Lynsey Sharp says drugs are a 'huge problem' in athletics
Lynsey Sharp says drugs are a "huge problem" in athletics after being upgraded to European 800m gold following a doping scandal.
Scotland's athlete of the year is now 2012 European champion after Russian Yelena Arzhakova received a two-year doping ban.
"It's a huge problem," Sharp, 22, told BBC Scotland.
"There's a lot of people being caught, but it's nothing compared to the amount of people getting away with it."
Arzhakova was banned following an "abnormal haemoglobin profile in her biological passport" and Sharp believes the issue of drug cheating is a "depressing" problem for athletics and much more common than is widely known.
During 2011, there were 23,799 drugs tests in athletics, 234 of which showed the presence of a prohibited substance, metabolite or marker.
Athletics was the second most tested Olympic sport behind football, which saw 172 positive results requiring further investigation, from 28,578 tests.
"If you spoke to any athlete, they would say there's a lot of people who get away with it and probably don't get caught," said Sharp.
"I'm trying to see the positives, but at the same time you're thinking 'what's the point in this?' if this sort of thing happens.
"It's so disappointing that it's still an issue in the sport. The 800m in particular is pretty bad for it; it's depressing.
"This is someone (Arzhakova) I've competed against for the last two years. I've felt like I've got to know her and we would acknowledge each other and smile and say hi. It's disappointing, but at the same time I'm happy she's been caught."
Sharp ran a personal best of two minutes 1.52 seconds in Helsinki last June but finished 2.01 seconds behind winner Arzhakova.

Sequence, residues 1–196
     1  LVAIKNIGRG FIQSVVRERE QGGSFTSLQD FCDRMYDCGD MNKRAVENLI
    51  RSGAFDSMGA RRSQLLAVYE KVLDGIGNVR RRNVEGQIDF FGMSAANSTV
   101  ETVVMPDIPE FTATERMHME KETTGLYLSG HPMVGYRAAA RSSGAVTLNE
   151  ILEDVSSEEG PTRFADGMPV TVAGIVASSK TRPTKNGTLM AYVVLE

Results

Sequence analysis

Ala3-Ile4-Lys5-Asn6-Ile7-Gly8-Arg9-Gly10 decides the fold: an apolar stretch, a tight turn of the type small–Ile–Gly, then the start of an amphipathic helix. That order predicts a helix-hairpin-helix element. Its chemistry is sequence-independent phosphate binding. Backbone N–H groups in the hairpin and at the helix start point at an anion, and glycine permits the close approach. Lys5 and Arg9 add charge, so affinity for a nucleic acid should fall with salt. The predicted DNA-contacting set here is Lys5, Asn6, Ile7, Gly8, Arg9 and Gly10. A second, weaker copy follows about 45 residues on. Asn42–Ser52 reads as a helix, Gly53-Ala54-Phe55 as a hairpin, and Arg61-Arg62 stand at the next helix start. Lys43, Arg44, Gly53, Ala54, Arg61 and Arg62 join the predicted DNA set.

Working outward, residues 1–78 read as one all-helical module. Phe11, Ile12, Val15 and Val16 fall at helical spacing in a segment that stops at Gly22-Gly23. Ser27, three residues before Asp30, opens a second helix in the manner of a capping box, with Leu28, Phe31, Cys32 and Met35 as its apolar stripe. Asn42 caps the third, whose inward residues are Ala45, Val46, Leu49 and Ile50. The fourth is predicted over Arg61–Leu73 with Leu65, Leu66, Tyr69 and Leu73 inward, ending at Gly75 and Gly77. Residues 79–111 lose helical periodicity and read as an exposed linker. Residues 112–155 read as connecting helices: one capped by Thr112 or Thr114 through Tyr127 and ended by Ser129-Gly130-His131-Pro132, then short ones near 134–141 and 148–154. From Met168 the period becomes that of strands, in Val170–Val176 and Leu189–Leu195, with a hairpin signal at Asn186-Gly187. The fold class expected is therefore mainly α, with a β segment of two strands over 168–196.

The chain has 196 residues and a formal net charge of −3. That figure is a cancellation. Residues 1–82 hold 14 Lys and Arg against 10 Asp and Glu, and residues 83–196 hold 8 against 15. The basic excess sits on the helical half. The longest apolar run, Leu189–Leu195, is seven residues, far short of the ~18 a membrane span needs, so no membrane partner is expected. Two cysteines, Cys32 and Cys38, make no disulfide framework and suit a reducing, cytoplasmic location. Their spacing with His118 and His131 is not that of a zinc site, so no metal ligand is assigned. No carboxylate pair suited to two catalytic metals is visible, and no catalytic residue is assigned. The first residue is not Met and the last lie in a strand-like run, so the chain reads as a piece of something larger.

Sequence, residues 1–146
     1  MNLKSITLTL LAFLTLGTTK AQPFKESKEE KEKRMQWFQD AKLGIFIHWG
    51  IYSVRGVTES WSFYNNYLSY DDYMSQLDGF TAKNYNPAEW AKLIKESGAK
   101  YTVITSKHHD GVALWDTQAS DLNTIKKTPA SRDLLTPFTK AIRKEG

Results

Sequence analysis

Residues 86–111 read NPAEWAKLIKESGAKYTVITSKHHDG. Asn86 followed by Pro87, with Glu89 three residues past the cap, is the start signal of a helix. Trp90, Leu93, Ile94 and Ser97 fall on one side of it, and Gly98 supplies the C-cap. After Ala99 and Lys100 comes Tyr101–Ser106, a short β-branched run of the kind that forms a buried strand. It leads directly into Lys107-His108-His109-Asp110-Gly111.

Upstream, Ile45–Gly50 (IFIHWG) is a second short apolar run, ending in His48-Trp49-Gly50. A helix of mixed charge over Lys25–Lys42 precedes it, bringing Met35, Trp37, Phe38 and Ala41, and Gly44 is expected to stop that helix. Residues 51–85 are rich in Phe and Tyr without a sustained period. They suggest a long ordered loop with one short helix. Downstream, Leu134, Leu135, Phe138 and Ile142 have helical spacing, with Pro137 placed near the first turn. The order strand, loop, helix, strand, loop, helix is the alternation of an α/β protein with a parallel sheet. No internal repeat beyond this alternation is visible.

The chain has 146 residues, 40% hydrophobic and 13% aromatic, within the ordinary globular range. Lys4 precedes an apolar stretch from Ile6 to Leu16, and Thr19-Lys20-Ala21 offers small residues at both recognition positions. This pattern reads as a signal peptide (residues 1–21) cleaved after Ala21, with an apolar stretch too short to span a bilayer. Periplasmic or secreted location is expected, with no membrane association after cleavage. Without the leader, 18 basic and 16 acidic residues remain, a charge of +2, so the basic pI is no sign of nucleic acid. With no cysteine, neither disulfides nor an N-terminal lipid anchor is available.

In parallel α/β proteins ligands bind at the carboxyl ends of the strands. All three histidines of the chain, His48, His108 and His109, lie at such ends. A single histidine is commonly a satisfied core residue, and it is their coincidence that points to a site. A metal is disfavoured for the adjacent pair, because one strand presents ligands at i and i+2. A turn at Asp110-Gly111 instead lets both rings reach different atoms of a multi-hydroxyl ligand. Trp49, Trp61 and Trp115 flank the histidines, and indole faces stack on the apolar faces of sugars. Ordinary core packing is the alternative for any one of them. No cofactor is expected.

"I killed myself that day - it was my fourth race in a week and I gave it my all in the last 100 metres," she said.
"I literally feel I gave the most that day in that field, so it's nice to eventually be rewarded with a gold medal."
Sharp was a controversial pick for Team GB for London 2012 after being chosen ahead of Jemma Simpson, Marilyn Okoro, Emma Jackson and Jenny Meadows despite failing to record the Olympic qualifying time.
She reached the semi-finals in London but failed to qualify for a final in which Arzhakova finished sixth. The gold medal was won by Russia's Mariya Savinova in 1:56.19.
Sharp, however, says she is happy to now call herself European champion.
"It's a great feeling, but there's loads of emotions," she said. "I was honestly happy I've been upgraded, but at the same time disappointed that another athlete in the sport and my event has been done.
"And I'm also disappointed that I wasn't able to do a lap of honour and stand on the podium and have my national anthem playing and be European champion from that day.
Should Arzhakova choose not to challenge her suspension or fails with an appeal, Scottish Athletics could host a medal ceremony for Sharp, possibly at their annual awards dinner in the autumn.
Sharp added: "That would be awesome. It would be nice to experience that. It would be a nice touch."